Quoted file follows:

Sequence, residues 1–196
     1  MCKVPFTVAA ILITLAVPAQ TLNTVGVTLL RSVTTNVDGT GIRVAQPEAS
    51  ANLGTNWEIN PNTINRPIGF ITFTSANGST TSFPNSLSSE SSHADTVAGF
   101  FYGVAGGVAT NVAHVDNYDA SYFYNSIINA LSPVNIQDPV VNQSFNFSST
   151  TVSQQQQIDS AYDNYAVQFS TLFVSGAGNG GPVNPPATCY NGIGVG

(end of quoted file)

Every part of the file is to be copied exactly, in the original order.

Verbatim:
Sequence, residues 1–196
     1  MCKVPFTVAA ILITLAVPAQ TLNTVGVTLL RSVTTNVDGT GIRVAQPEAS
    51  ANLGTNWEIN PNTINRPIGF ITFTSANGST TSFPNSLSSE SSHADTVAGF
   101  FYGVAGGVAT NVAHVDNYDA SYFYNSIINA LSPVNIQDPV VNQSFNFSST
   151  TVSQQQQIDS AYDNYAVQFS TLFVSGAGNG GPVNPPATCY NGIGVG